7.30.10 Jammin'

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photos by gluttonforlife
Having already waxed poetic about peaches, I feel I must give these luscious apricots their due. Seldom have I seen such perfect specimens, firm yet yielding, their golden hue tinged with a pink blush. I find that so often apricots can be mealy and tasteless, but these are a revelation: sweet-tart, juicy, with a delicate perfume all their own. I came away from the farmstand with 7 quarts and every intention of replicating the vanilla-scented jam my mother-in-law so enjoyed 2 years ago. If you've never made jam, let me just warn you that most recipes call for what seems like an obscene amount of sugar, but there is another way. This time I decided to make a batch using some powdered pectin and relatively small amounts of sugar and honey. Sadly, I wasn't totally thrilled with the results. I found the jam to be less crystalline; it seemed to have a slightly cloudy and over-gelled quality. I probably need to experiment a bit more, with quantities and timing, but I just haven't had the extra time lately. So for now, I'm going to put these up the old-fashioned, and use organic sugar. It's not like jam is something that gets eaten by the cupful anyway...
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Even if you're put off by large-batch canning, you can make small quantities to keep in the fridge for immediate consumption. Just know that the best jams, jellies, chutneys and preserves are made with fruit that's at its peak—not overripe or bruised. And feel free to get creative, improvising with spices, sweeteners and combinations of fruit. If you are going to try water-bath canning, please be sure to read through these instructions.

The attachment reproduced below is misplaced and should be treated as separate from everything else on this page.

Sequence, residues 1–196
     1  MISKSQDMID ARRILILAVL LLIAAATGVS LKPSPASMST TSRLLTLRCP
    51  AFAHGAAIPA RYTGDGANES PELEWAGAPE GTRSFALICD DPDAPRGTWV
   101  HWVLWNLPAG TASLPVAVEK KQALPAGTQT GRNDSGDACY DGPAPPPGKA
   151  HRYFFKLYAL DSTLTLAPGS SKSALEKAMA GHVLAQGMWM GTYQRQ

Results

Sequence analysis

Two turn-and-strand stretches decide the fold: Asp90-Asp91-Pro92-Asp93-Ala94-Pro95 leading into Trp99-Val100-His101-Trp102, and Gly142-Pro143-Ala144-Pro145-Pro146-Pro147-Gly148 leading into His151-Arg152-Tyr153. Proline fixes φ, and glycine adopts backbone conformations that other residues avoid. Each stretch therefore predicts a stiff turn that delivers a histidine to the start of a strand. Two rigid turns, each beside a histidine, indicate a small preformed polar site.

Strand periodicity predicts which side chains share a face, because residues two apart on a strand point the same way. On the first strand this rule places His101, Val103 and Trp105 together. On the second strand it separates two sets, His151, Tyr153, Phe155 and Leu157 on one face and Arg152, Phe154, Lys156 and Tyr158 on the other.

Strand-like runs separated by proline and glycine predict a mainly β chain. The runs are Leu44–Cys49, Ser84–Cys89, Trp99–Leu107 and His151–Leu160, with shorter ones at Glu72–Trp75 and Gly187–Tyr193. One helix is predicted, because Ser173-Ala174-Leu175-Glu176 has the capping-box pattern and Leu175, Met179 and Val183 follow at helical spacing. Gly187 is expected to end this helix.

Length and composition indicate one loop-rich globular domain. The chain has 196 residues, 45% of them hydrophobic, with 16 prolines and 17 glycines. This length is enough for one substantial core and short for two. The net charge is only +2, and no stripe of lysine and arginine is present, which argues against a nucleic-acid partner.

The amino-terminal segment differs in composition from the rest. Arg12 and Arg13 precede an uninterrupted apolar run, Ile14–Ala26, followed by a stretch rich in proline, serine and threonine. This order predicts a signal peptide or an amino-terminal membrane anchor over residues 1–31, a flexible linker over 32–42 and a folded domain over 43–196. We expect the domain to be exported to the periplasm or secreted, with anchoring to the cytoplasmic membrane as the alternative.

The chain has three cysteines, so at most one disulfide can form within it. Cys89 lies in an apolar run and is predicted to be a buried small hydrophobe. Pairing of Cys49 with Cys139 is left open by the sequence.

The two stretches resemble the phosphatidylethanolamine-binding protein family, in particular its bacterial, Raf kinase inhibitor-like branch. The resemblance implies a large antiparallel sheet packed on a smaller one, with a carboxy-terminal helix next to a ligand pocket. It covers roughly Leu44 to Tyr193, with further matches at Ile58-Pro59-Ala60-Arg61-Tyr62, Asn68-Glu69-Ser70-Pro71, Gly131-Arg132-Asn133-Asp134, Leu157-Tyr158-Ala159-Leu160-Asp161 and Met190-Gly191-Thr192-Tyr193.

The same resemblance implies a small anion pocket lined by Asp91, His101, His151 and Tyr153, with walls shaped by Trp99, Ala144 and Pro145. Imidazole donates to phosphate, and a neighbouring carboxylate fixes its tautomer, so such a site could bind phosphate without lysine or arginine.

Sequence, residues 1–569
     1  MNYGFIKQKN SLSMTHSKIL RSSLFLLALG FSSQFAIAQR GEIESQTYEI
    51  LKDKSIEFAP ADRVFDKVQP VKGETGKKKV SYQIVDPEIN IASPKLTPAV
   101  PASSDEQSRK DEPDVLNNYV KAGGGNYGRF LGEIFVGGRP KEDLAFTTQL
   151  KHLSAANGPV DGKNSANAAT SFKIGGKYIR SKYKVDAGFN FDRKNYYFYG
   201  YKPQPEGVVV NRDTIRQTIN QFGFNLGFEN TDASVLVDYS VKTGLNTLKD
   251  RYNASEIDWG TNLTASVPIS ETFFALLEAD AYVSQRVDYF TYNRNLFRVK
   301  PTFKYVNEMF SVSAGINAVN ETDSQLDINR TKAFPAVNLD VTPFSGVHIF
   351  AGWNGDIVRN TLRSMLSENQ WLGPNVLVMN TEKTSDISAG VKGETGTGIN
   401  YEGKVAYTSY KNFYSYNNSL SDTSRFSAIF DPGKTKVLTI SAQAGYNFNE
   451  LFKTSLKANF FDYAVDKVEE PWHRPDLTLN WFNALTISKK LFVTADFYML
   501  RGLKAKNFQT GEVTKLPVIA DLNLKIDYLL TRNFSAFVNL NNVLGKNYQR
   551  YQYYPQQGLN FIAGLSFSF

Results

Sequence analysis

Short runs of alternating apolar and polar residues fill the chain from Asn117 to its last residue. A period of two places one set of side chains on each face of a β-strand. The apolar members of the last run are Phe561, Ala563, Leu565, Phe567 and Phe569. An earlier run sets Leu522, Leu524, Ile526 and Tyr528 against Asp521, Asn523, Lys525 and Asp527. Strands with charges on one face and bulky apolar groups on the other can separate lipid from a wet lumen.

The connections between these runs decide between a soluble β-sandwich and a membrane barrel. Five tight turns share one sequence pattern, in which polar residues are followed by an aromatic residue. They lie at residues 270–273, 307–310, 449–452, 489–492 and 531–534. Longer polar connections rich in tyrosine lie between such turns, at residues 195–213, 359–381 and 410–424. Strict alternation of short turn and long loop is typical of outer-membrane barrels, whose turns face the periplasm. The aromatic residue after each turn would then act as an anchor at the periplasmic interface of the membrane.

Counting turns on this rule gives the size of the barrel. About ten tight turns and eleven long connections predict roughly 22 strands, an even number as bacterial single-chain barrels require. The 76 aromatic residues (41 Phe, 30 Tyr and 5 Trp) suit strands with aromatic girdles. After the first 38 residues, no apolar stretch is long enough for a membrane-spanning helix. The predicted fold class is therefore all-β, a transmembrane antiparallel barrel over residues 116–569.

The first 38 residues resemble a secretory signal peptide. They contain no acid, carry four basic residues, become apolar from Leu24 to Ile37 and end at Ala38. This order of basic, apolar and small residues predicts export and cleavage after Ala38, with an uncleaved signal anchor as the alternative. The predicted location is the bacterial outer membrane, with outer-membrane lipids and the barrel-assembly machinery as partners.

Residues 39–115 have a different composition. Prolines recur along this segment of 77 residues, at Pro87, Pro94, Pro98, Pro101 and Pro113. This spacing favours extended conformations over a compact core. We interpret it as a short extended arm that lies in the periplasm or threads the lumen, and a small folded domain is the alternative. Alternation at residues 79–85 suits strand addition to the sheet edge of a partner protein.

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APRICOT JAMmakes 5 pints8 cups pitted and diced apricots1/4 cup lemon juice1 whole vanilla bean6 cups sugarPrepare your canning jars and lids according to the instructions referenced above.Place apricots, sugar and lemon juice in a large, heavy stockpot. Split vanilla bean in half lengthwise and using the tip of the knife, scrape out all the seeds. Add seeds and pod to pot. Bring to a boil over medium-high heat, skimming off any foam that rises to the top. Once mixture reaches a rolling boil, continue to boil it for 30 minutes, stirring frequently to prevent it from sticking.Remove from heat, fish out vanilla pod, and fill jars, leaving 1/4" head space. Wipe rims with a clean dish towel and put the 2-piece metal canning lids in place.Process according to canning instructions, or cool and refrigerate.Of course we all know that apricot jam is delicious on toast or with all manner of cheeses (thyme-scented goat cheese, cottage cheese, manchego). It's also great spread on angel food cake, used in little tartlets, or heated up and basted on a grilled duck breast or roasting chicken. You can even whisk a little into salad dressing; try it with radicchio.


sounds delicious and apricot jam is my personal favorite, I love the bitter/sweet combination -- also wanted to mention I had the most amazing apricot sorbet recently at A Voce, very inspiring especially since they're at their peak, should anyone feel like making some, say for an upcoming lunch? xxoo
stephanie on July 30, 2010 at 6:18 am —
Hi Laura - Could you send me the link to the other jam jars you posted awhile ago - I can't seem to find the link on your blog. So inspired! Thanks xo ann
Ann on July 30, 2010 at 7:54 am —
Hmm, apricot sorbet...sounds like a plan!
laura on July 30, 2010 at 7:58 am —
Ann, the jars are from Weck. I think they may be back-ordered for a while. I know they're also sold on the Heath site, so may be worth checking if they have any at the store on Beverly Boulevard.
laura on July 30, 2010 at 8:01 am —
Yum. Why do you live back there? Need to be close enough so I can try all your scrumptious food.
Miranda on September 8, 2010 at 6:54 pm —